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ontarionewswatch.com NEWSROOM

The Salon is ONW's weekly gathering place where three of Canada's brightest and most respected political strategists come together to analyze national issues affecting Ontario. Rick Anderson is former senior advisor to Reform Party Opposition leader Preston Manning; Anne McGrath was Chief of Staff to the late NDP leader Jack Layton; and Richard Mahoney, former Liberal advisor to Rt. Hon. Paul Martin. 

Today our political strategists gather in The Salon to discuss Prime Minister Stephen Harper's controversial decision to allow the take over of Canadian energy company Nexen by Chinese state-owned China National Offshore Oil Corporation (CNOOC): 


Anne McGrath:

The Prime Minister's news conference announcing the approval of the CNOOC-Nexen and Petronas deals was noteworthy not just because of it's length (possibly the longest news conference he's held as PM) but also because of the convoluted, twisted and almost tortured logic of accepting a deal but saying that it would not have been accepted had there been better rules. He has had ample opportunity to create those rules in the two years since he voted in favour of an NDP motion to set out clear guidelines.


Richard Mahoney: 

That was bizarre. Contrasting his conclusion: "This is the end" of the series of takeovers, with the ruling on the two deals, which actually allowed the takeovers. It is also ridiculous that it took two years of promising guidelines to come up with guidelines that the government could have come up with two years ago. 


Rick Anderson:

Hi all. Most of the folks I talk to, including here in Ontario, say the PM got this pretty much about where he needed to - welcome this investment, but at the same time send a pretty clear message to markets, investors, foreign countries, that we are not interested in waking up a couple of years from now to discover that foreign governments control most of our energy projects. What's bizarre about that?


Anne McGrath:

Except he didn't welcome the investment. He said that he would accept it but that this is it, won't happen again, which begs the question of why accept it if you don't think it's a good idea and it shouldn't happen again? What does it mean for future deals which I understand may be pending in Ontario where investors are buying up properties.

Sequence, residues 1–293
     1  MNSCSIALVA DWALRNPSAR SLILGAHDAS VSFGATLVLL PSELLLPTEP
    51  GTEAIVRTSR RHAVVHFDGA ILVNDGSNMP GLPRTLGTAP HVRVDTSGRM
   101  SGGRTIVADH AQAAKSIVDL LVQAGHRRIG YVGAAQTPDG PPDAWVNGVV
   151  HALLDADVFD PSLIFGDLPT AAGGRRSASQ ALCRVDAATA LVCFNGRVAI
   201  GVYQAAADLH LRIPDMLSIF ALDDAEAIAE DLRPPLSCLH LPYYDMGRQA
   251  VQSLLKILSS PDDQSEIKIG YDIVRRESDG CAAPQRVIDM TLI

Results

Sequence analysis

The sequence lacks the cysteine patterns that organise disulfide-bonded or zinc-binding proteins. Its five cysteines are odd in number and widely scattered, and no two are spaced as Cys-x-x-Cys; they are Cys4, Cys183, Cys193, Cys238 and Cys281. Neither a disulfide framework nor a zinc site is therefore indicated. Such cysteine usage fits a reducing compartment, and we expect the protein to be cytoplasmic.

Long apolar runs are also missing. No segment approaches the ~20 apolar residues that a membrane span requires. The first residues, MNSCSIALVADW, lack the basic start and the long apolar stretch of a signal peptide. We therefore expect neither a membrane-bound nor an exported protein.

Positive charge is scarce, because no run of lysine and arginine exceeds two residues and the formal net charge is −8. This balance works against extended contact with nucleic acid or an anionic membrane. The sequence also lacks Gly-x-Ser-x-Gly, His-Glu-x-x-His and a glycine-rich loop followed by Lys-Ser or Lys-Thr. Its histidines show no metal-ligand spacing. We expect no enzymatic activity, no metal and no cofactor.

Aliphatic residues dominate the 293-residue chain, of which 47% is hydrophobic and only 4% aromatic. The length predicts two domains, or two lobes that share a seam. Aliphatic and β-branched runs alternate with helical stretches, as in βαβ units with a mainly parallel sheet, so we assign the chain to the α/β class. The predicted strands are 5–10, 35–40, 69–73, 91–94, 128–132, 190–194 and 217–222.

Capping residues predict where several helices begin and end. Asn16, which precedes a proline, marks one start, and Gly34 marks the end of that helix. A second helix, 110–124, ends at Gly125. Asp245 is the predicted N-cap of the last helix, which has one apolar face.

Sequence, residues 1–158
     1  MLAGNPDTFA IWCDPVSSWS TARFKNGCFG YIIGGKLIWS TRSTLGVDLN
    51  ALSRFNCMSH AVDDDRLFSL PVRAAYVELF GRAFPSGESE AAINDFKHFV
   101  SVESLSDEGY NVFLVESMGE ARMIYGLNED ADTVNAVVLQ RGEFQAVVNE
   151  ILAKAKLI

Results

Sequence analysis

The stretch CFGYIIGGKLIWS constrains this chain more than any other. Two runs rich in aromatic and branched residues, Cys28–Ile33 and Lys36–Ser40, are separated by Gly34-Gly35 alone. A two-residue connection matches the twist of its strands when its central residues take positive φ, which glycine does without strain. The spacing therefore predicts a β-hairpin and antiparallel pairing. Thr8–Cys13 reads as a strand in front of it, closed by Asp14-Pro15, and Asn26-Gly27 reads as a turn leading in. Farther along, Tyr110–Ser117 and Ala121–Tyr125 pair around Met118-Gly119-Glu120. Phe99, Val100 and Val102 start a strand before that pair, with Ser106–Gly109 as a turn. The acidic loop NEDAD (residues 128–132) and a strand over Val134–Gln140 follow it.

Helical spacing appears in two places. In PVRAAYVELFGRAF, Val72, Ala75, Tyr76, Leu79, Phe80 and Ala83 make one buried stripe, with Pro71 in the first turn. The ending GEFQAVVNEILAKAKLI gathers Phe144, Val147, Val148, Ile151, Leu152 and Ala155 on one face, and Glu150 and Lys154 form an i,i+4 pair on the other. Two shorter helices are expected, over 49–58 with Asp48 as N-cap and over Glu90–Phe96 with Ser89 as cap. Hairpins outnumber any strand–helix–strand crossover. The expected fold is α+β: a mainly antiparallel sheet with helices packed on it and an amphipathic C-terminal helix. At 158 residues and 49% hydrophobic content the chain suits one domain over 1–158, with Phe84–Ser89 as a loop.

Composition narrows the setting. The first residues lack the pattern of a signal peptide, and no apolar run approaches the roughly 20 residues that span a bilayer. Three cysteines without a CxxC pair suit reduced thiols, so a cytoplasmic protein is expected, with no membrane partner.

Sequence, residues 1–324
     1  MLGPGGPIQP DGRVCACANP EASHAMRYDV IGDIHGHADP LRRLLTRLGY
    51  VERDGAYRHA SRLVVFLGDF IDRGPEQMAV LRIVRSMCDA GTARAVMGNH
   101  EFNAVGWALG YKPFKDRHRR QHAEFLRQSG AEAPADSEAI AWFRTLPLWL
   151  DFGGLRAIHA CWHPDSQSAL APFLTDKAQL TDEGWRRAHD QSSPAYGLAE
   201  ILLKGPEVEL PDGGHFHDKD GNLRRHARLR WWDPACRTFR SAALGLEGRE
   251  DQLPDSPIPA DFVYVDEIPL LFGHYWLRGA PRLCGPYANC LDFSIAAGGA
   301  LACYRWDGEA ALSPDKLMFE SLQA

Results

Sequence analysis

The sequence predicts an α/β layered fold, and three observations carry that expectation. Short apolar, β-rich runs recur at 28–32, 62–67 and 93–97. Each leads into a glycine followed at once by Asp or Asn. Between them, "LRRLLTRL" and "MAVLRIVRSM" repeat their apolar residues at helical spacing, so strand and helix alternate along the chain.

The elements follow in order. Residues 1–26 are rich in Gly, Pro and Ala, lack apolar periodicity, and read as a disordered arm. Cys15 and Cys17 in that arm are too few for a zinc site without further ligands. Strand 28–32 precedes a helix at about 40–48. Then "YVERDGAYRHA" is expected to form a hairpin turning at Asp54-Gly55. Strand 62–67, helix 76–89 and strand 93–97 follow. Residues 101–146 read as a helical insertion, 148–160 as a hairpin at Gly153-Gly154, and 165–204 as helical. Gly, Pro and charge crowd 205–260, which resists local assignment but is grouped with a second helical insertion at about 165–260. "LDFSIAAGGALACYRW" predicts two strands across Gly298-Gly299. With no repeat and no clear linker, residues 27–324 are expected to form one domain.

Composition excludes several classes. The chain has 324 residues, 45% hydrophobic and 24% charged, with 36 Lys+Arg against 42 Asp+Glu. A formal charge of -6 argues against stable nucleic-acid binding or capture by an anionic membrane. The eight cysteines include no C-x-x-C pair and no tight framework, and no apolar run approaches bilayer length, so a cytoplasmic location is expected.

Richard Mahoney:

There are valid concerns about foreign investment and state owned enterprises (SOEs). It was fair for the PM to signal and articulate that. I also think that many here in Ontario and elsewhere thought those particular transactions could go through without severe disadvantage to the country. It is good that Mr. Harper is finally coming around this last year to the importance of China - he mocked his predecessor for his focus on China and India, but now understands the strategic importance of this.

 

Rick Anderson:

The government found these two proposed investments to be of "net benefit to Canada," the test applied under the existing law and policy. At the same time, the PM and Ministers Paradis and Oliver said that "going forward," proposed investments by state-owned enterprises would be subject to a higher degree of scrutiny, and will only be approved in "exceptional circumstances." To most people, I think does seem like a sensible approach, no?

 

Anne McGrath:

The major vulnerabilities in these and other foreign investment decisions have to do with the lack of transparent guidelines or rules, the unpredictability and the inconsistency. These decisions don't help them in these critically weak areas. These concerns come not only from New Democrats but also from more conservative sources, even, most recently, the Calgary Chamber of Commerce. Surely, both investors and the Canadian public would welcome a set of reasonable guidelines outlining "net benefit." The fact that CNOOC is state owned by the Chinese government puts this desire for clarity into stark relief.

 

Richard Mahoney: